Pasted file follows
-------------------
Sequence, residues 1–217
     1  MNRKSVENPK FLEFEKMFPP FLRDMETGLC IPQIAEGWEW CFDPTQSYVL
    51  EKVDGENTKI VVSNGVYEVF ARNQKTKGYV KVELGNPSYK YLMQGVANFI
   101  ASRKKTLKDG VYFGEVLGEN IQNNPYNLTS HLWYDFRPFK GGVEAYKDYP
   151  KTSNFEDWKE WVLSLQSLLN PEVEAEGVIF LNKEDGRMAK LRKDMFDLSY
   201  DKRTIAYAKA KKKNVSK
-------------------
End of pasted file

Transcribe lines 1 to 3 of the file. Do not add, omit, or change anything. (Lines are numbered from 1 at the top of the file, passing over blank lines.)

Sequence, residues 1–217
     1  MNRKSVENPK FLEFEKMFPP FLRDMETGLC IPQIAEGWEW CFDPTQSYVL
    51  EKVDGENTKI VVSNGVYEVF ARNQKTKGYV KVELGNPSYK YLMQGVANFI